Dental Implants: Problems and Side Effects

Dental implants are a popular option for many people since they’re more comfortable and convenient than dentures. Implants are a durable solution for replacing missing or damaged teeth, and they can also prevent bone loss, as well as keeping adjacent teeth more stable.

There are many benefits associated with dental implants, but you should also consider possible problems and side effects. It’s best to discuss potential complications with your dentist to make an informed decision.

Risk Factors

Not everyone is a good candidate for dental implants. Some pre-existing conditions put you at risk for complications:

  • Periodontitis, or gum disease, increases your risk of developing an infection. It’s also a condition that can damage the bone supporting your teeth or implant.
  • Studies have shown that smoking increases dental implant failure rates.
  • History of heart attack or stroke. Dental surgery can increase your risk of experiencing a new episode.
  • Osteoporosis and other conditions affecting the bones will make implantation into the jawbone more difficult.
  • Additional conditions. Diabetes that isn’t adequately managed, or kidney or liver disease, increase the risk of dental implant side effects.

Your oral surgeon will assess your individual risk factor to determine whether implants are your best option. Note that you can take steps to lower risks, like quitting smoking or getting your gum disease under control.

Common Side Effects and Problems

You should discuss dental implants problems and side effects with your dentist to get a better idea of what to expect.

Recovery and Common Side Effects

These are common side effects you will experience after the procedure:

  • Bleeding
  • Discomfort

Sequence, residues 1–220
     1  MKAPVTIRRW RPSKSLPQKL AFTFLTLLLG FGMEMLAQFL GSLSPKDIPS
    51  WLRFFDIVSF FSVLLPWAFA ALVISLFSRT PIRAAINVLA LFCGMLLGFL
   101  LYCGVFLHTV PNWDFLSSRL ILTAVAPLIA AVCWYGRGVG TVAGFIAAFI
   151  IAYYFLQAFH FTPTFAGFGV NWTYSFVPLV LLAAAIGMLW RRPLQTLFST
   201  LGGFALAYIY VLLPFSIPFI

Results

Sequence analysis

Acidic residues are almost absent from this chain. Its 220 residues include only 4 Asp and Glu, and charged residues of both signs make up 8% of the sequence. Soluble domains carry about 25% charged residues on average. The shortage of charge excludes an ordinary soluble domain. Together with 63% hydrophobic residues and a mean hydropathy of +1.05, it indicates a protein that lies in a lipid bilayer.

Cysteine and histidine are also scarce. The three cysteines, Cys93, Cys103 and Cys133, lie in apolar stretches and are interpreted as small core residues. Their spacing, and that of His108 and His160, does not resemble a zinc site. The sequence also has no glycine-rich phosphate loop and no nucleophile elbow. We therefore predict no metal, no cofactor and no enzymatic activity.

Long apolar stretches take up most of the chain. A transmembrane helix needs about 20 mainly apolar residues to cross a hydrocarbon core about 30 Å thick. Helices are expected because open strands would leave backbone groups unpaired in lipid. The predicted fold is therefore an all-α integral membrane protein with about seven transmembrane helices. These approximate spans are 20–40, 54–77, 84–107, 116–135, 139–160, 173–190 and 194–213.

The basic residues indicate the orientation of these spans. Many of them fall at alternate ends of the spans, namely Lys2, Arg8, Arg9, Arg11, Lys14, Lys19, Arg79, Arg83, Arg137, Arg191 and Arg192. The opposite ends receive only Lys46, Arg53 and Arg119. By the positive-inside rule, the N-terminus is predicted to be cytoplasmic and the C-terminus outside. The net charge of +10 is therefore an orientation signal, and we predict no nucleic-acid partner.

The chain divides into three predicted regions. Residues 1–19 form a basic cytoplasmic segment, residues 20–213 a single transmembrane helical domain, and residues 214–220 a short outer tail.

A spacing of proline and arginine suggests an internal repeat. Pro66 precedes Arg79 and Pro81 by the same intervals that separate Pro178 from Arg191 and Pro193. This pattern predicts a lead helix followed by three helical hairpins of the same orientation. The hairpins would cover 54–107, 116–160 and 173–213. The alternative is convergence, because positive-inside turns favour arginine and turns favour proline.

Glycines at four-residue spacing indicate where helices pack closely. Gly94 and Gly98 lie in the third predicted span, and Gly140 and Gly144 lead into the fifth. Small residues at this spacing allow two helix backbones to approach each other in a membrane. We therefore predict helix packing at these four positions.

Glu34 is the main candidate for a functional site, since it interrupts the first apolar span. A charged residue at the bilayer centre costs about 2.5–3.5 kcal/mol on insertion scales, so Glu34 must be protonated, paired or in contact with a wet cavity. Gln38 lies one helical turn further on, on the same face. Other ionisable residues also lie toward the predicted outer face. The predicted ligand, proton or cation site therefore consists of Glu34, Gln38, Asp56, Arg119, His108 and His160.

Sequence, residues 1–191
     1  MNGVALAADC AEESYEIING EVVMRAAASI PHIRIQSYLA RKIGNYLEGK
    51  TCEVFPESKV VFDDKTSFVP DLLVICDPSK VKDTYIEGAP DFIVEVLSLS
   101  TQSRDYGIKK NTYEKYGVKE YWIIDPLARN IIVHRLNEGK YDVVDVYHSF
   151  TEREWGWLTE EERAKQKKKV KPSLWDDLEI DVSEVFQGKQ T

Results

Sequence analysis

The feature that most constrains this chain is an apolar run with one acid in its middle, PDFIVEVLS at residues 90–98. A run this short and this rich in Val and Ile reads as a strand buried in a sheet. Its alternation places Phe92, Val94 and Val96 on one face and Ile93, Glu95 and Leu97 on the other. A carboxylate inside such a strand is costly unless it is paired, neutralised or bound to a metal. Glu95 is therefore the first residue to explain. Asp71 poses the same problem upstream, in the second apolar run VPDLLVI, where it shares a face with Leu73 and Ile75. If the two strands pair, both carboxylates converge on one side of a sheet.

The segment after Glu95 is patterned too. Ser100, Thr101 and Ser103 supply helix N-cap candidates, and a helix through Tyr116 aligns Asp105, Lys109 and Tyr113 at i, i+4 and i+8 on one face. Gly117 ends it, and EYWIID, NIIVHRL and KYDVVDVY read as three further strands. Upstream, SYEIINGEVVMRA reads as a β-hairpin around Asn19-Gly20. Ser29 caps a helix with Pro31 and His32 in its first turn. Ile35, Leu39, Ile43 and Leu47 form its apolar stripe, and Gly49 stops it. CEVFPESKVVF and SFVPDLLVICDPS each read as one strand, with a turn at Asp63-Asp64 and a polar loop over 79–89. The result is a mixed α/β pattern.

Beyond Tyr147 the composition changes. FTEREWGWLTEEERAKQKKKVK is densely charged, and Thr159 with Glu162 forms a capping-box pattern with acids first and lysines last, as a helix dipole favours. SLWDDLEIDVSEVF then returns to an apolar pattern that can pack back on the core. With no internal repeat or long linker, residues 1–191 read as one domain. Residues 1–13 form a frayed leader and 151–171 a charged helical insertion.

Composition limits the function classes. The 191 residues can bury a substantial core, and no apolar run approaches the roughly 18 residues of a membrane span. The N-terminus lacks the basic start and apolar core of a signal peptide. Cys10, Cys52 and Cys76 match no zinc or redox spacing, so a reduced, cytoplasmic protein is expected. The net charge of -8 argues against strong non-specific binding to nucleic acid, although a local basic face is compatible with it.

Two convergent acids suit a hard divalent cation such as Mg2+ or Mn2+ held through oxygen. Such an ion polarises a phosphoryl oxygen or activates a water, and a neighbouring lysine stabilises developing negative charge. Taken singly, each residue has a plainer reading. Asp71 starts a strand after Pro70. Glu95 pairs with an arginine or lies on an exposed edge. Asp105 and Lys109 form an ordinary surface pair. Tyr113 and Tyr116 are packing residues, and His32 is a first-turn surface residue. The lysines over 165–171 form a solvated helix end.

• Swelling
  • Bruising

These side effects should disappear after a couple of days with proper care.

Potential Complications

These complications can appear shortly after the procedure:

  • Infection of the implant site
  • Damage to nearby teeth, tissues, or blood vessels.
  • Pain or numbness in the gum or lips due to nerve damage.
  • Upper jaw implants can affect the sinus cavity.

Dental Implants and Long-Term Side Effects

These complications can appear years after you have dental implants installed:

  • Titanium and other materials can corrode over time.
  • Metallic debris from your dental implant can cause inflammation and other symptoms.
  • Peri-implantitis is a condition that resembles gum disease. It can affect gum tissues and bone.

Preventative Measures

There are some steps you can take to reduce or prevent the side effects and complications related to dental implants. Before you get a dental implant, your dentist will conduct a comprehensive review of your medical history and assess any risks.

You might need to put together a plan with your oral surgeon to address issues like periodontitis, diabetes, smoking, or poor oral hygiene.

Your dentist will also assess what kind of implant is best for you. Titanium is a popular material because it’s durable and causes relatively few complications compared to other metals. It’s also very unlikely that you’ll have an allergic reaction to titanium.

There are additional steps you should take once you have a dental implant:

  • Follow your oral surgeon’s recommendations during the recovery period and schedule follow-up appointments as needed.
  • Brushing and flossing can prevent plaque buildup, bacteria, and gum disease, whether you have implants or not.
  • Wearing a guard at night or during physical activities can protect your dental implant and the bone surrounding it. This might be necessary if you are at risk for bone loss or tend to grind your teeth at night.
  • Schedule regular checkups so that your dentist can assess your dental health and identify potential complications linked to dental implants as early as possible.

Alternatives to Dental Implants

There are other options to consider if you aren’t a good candidate for dental implants. Partial or complete dentures that can be removed are a non-invasive way of addressing aesthetic concerns. However, dentures typically aren’t as comfortable as implants and can affect speech and eating.

Bridges are another option to consider. Your oral surgeon can bond a bridge to adjacent teeth to hide missing or damaged teeth. Bridges are not as durable as implants, and this is only a good option if adjacent teeth are healthy enough.

Potential complications and side effects are topics you should bring up when discussing dental implants with your dentist. It’s important to have realistic expectations about dental implants and to be aware of the steps you can take to prevent complications from appearing during the recovery period and in the long-term.